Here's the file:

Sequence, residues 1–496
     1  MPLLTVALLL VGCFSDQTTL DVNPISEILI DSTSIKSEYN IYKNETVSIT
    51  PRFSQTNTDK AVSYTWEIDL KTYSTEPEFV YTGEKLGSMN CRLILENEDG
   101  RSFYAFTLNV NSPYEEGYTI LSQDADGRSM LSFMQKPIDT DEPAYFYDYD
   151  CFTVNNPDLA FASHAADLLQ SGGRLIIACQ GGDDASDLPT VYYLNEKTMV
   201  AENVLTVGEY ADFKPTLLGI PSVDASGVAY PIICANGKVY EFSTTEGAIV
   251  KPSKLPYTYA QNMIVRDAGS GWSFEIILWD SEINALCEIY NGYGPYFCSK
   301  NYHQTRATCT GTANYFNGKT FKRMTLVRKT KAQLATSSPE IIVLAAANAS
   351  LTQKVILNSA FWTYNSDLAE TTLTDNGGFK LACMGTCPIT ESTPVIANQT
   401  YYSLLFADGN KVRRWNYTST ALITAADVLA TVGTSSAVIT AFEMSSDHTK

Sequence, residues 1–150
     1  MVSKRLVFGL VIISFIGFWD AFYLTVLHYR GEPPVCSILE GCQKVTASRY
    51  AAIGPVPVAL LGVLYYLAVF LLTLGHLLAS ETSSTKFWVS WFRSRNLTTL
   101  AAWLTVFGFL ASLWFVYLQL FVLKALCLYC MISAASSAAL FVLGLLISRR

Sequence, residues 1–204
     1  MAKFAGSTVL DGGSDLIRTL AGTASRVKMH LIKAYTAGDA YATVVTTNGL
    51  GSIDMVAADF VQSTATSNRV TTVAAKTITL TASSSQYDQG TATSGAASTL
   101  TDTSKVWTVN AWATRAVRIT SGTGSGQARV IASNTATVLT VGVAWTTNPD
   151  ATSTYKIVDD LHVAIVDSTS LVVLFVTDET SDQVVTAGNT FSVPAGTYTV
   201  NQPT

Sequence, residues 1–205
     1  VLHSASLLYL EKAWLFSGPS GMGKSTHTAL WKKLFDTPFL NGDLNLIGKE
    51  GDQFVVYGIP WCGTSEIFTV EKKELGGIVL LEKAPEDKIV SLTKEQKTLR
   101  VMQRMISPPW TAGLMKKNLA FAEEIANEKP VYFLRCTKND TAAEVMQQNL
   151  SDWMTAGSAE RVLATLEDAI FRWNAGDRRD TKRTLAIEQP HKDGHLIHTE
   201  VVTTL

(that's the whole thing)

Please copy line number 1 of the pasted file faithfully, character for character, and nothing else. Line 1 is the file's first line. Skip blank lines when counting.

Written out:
Sequence, residues 1–496